The sacrament is to be celebrated with the oil of the sick blessed by the bishop at the Chrism Mass or, in cases of necessity, with oil blessed by the priest during the celebration of the sacrament. (Intro. 21-22)
The matter proper for the sacrament is olive oil, or according to circumstances other plant oil. (Intro to the Rite of Anointing and Pastoral Care of the Sick, #20)
Even in cases of urgency, the minister should make clear the three distinct and integral aspects to the celebration of this sacrament: the prayer of faith, the laying on of hands, and the anointing with oil. (Intro. 104-107)
A) The Prayer of faith: it is the community, represented by the priest, family, and all present, who makes a prayer of faith. If possible, the sick person should join in the prayer.
B) The laying on of hands has several meanings: it signifies that the sick person is the object of Christ’s prayer of faith, it is a sign of blessing, and it is also an invocation for the coming of the Holy Spirit.
Parishes and health care institutions are encouraged to offer a communal celebration of the sacrament of the anointing of the sick at appropriate times during the year. The communal anointing of the sick can be celebrated for large numbers of sick people who have been suitably prepared and are properly disposed, according to the guidelines given in the Introduction to the Ritual of the Anointing of the Sick (hereafter Intro 108-110) and the prescripts of the Archbishop. (c. 1002, Intro 108-110)
A) Communal celebrations of Anointing held in church are a good witness to the whole community. These liturgical celebrations also offer an opportunity for the sick to experience support from the parish at large, in addition to their caregivers. They should be scheduled well in advance and include special attention to hospitality. Your parish may also want to offer transportation for those who need it.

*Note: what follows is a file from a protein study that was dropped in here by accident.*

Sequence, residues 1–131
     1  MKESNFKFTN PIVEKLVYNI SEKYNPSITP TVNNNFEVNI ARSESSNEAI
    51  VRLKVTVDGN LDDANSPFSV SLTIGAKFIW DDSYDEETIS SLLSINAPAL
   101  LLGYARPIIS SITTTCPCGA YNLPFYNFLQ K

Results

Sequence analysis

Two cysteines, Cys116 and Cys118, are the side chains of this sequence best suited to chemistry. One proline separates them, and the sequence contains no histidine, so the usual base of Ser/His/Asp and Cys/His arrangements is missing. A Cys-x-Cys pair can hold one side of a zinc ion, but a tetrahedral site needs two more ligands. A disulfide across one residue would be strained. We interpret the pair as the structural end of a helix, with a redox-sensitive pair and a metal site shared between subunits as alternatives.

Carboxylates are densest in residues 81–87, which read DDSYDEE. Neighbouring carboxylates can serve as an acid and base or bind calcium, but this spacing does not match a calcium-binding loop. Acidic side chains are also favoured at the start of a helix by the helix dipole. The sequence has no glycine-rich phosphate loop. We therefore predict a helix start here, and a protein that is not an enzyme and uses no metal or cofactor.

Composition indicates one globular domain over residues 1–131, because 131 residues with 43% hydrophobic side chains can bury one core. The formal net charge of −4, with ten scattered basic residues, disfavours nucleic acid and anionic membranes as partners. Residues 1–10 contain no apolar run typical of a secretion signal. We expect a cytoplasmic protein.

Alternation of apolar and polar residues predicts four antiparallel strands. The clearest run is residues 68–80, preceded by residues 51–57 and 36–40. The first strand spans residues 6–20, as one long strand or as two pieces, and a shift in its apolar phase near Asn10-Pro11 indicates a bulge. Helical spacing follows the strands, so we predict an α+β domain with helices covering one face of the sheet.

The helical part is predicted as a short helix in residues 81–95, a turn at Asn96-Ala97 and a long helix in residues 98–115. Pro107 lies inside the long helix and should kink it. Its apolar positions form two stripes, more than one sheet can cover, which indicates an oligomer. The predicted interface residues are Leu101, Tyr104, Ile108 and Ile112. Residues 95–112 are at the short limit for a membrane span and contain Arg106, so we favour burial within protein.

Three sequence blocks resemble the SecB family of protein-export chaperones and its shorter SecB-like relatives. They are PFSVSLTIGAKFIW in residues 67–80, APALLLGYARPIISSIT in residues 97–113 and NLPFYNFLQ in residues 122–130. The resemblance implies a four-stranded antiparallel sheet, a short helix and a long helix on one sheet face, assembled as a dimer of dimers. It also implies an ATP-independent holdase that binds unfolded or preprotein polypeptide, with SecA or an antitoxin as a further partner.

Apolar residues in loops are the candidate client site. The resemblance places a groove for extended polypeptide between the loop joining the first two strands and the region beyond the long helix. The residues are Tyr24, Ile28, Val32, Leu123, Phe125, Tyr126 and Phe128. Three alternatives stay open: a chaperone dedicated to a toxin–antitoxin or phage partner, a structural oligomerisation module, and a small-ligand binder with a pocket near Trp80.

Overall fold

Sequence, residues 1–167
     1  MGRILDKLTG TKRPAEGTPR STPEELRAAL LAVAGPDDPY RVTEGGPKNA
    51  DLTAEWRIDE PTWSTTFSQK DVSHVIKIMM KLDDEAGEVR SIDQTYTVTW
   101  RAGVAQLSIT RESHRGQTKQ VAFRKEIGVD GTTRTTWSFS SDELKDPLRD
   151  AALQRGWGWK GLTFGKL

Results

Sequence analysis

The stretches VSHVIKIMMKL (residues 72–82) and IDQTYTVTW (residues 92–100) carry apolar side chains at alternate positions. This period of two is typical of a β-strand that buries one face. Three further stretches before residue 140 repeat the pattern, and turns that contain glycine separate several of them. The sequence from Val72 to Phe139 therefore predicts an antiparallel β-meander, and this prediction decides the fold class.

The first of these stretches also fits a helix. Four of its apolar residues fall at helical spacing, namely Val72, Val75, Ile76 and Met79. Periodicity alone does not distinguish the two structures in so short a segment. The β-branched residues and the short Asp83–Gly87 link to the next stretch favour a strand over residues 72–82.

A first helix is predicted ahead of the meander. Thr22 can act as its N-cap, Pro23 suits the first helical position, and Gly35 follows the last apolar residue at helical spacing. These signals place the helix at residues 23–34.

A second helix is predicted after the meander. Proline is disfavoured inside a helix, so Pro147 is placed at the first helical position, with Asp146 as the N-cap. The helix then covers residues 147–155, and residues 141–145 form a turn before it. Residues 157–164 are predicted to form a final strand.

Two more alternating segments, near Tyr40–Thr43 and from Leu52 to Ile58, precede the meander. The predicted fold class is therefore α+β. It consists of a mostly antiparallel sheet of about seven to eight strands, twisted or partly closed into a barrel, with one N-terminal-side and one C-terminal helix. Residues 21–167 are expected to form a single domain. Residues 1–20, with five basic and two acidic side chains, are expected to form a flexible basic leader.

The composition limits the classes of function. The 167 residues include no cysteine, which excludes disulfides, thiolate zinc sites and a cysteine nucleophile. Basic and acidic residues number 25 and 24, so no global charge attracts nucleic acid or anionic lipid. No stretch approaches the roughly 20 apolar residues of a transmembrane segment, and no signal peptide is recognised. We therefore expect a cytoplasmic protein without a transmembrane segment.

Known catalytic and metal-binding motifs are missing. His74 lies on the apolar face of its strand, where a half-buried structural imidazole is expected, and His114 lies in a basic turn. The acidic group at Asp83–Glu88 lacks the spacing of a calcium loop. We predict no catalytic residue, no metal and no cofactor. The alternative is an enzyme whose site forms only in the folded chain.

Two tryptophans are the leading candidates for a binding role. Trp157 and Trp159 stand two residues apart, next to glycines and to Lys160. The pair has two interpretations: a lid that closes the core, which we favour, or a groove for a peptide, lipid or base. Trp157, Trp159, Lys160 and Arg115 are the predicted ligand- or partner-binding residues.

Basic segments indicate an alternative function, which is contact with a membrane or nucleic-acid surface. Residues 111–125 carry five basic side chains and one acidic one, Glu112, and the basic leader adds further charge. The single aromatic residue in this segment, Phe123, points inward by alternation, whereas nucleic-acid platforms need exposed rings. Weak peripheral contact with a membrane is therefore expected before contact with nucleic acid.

B) Certain days in the liturgical calendar commend themselves as occasions to further the healing ministry of the Church. The World Day of Prayer for the Sick, February 11 (optional memorial of Our Lady of Lourdes), the patronal feast of the parish or diocese, or saints known to have healed the sick (for example, Saint Peregrine, patron saint of cancer patients), may be good occasions to celebrate the sacrament of the Anointing of the Sick during Mass.
C) When the communal celebration of the Anointing of the Sick takes place within Mass, it is important that the priest ensures that the Sacrament of Penance is available before Mass, for those to be anointed, who also wish to celebrate the Sacrament of Reconciliation.
D) Additionally, when the communal celebration takes place during Mass, it is essential to offer a brief catechesis concerning the Sacrament of the Anointing, which includes an explanation of who receives the Sacrament.
Opportunities for catechesis, private and communal, need to be available in order to form the faithful, so that when the time comes, they can receive the sacrament of anointing with right disposition and devotion. (Pastoral Care for the Sick no. 13)
The catechesis should include: the mystery of suffering, union of the suffering with the suffering of Christ, the celebration, minister, recipient, and effects of the sacrament.